In conclusion our data indicates that hypoxia-conditioned but not aerobically-grown Mtb are rapidly killed by activated host macrophages. This is concomitant with a highly altered phagocyte response elicited by Mtb-H, characterized primarily by high levels of TNF and apoptosis, a critical determinant for containing Mtb infection. Our results suggest a correlation of possible mechanism of Mtb containment in vivo and provide new insights on host-elicited variations in gene ontology to two different physiological forms of Mtb. Our current study did not examine the effects of hypoxia on either host macrophage function or their ability to kill Mtb. These experiments constitute future studies underway in our laboratory. We also hope to unravel the specific pathways utilized by TNF to preferentially kill Mtb-H.

Supporting Information

Supplement S1.

Primers used in this study. The nucleotide sequence of forward and reverse primers used in this study is shown in 5′-3′ orientation. ‘Mtb’ means, primers derived from Mycobacterium tuberculosis genome and ‘Rh’ means, primers derived from Rhesus Macaque genome.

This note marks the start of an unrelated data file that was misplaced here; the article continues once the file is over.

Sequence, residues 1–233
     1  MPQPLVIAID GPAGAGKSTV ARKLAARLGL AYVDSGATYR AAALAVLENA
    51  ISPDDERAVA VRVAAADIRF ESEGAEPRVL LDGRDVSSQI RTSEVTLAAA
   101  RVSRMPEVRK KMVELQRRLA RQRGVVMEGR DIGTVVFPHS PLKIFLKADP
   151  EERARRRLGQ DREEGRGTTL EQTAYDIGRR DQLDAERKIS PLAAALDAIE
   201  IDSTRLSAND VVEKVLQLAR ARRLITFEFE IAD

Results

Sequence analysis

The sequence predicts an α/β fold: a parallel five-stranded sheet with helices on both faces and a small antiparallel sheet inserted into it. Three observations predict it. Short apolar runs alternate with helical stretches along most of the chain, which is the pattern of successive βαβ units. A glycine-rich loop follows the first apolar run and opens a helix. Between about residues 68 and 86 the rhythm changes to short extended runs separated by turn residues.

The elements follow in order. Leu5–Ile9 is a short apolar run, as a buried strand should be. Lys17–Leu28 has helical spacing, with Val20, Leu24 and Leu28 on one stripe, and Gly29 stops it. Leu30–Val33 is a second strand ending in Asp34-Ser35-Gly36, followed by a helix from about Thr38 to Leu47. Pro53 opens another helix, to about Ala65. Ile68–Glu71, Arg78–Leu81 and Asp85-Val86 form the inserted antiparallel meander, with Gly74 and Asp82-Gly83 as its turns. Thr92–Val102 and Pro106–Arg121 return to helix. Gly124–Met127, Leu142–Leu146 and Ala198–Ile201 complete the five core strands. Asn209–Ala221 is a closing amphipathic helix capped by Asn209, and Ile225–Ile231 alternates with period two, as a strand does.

https://doi.org/10.1371/journal.pone.0095220.s001

(DOCX)

Supplement S2.

Gene/Gene ontology in Rh-BMDMs infected with Mtb. Various gene ontology identified in Rh-BMDMs infected with Mtb-A (excel sheet 1); Mtb-H (excel sheet 2); comparison list of genes (excel sheet 3), common genes, (excel sheet 4) identified in Rh-BMDMs, Mtb-H vs. Mtb-A.

https://doi.org/10.1371/journal.pone.0095220.s002

(XLS)

Acknowledgments

We gratefully acknowledge excellent technical assistance by Ryan Kissee and program management by Nadia Golden.

Author Contributions

Conceived and designed the experiments: DK USG. Performed the experiments: USG MHA XA. Analyzed the data: USG SM TN DK. Wrote the paper: DK USG.